West Gone Wild: Rare Photographs of “Trollops” in the American West

Prostitution has been practiced throughout ancient and modern times. It has been described as the ‘world’s oldest profession,’ and despite attempts at regulation, it continues and will persist.

The Page Act of 1875 forbade any importation of women for the purpose of prostitution but in the practice continued.  Until the 1890s, madams predominately ran the businesses, after which male pimps took over. This led to the generally declined treatment of women. It was not uncommon for brothels in Western towns to operate openly, without the stigma of East Coast cities.

Gambling and prostitution were central to life in these western towns, and only later, as the female population increased, reformers moved in and other civilizing influences arrived, did prostitution become less blatant and less common. After a decade or so the mining towns attracted respectable women who ran boarding houses, organized church societies and worked as laundresses and seamstresses, all while striving for independent status.

Big Nose Kate, pictured here aged 15, left, broke her lover Doc Holliday out of jail in 1877 by setting a fire and pulling a gun on a guard. Daily Mail
Mary Katharine Haroney, or better known as Big Nose Kate, pictured in the 1870s was originally from Hungary and traveled to Kansas at age sixteen. Whilst working as a prostitute in Fort Griffin, Texas, she began a relationship with one of the deadliest gunslingers Doc Holliday – which lasted until his death. Daily Mail
Big Nose Kate pictured circa 1900. Daily Mail
Belle Brezing from Lexington, Kentucky was so renowned she is said to have been the model for Belle Watling in the classic novel, Gone with the Wind by Margaret Mitchell, pictured as a young prostitute. Daily Mail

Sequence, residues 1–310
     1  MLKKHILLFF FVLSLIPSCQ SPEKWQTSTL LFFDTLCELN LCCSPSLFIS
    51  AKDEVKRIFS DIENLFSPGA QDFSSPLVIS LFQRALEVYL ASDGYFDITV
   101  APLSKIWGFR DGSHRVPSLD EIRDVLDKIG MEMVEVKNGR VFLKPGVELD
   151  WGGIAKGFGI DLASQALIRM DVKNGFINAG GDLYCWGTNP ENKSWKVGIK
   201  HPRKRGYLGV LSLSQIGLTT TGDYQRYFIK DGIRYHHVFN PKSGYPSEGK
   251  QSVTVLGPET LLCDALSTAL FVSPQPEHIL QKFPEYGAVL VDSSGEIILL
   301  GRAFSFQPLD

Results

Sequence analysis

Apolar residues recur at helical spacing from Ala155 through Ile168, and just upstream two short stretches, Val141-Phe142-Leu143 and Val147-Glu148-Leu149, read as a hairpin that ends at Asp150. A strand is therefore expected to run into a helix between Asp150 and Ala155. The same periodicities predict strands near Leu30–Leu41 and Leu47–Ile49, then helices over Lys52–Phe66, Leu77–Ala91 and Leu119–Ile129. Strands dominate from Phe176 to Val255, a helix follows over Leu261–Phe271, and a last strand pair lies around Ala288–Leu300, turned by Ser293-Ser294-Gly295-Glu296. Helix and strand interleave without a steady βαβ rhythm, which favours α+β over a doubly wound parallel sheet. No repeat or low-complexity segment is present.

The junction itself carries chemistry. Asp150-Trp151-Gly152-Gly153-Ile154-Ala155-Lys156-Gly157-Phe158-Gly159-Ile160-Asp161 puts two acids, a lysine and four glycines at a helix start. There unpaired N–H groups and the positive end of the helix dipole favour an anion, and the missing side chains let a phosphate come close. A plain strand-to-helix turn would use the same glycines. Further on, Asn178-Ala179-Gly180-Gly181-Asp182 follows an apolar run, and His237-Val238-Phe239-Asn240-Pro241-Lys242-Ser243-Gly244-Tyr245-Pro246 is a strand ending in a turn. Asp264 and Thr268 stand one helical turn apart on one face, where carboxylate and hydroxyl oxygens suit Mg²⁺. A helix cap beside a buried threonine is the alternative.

Belle Brezing in her private parlor in her third and most famous bordello in Lexington, Kentucky. Brezing occupied the house until her death in 1940. Daily Mail
Belle Brezing, pictured here as a Madame. Daily Mail
Belle Brezing, pictured, became notorious when during the Spanish-American war of 1898 she only allowed men above a certain rank in the Army to use her brothel and became so famous that when she died she even received an obituary in Time Magazine. Daily Mail
Belle Brezing’s third and most famous bordello in Lexington, Kentucky. Daily Mail
Martha Jane Burke, better known as Calamity Jane, a famous American frontierswoman, pictured here in men’s clothing, 1895. Daily Mail
Martha Jane Burke, better known as Calamity Jane, a famous American frontierswoman, pictured here visiting ‘Wild Bill’ Hickok’s grave in Deadwood, Dakota territory, sometime in the 1890s. Daily Mail
Mattie Silks, pictured, made the equivalent of $1 million over the period of three months in Dawson City in Alaska. Daily Mail
Molly Hall arrived in New York in 1873 from Dublin Ireland, unable to find work, she headed west and ended up working as a prostitute under the name Molly Burdan in the mining community of Murray, Idaho – and was known for her colorful language. Daily Mail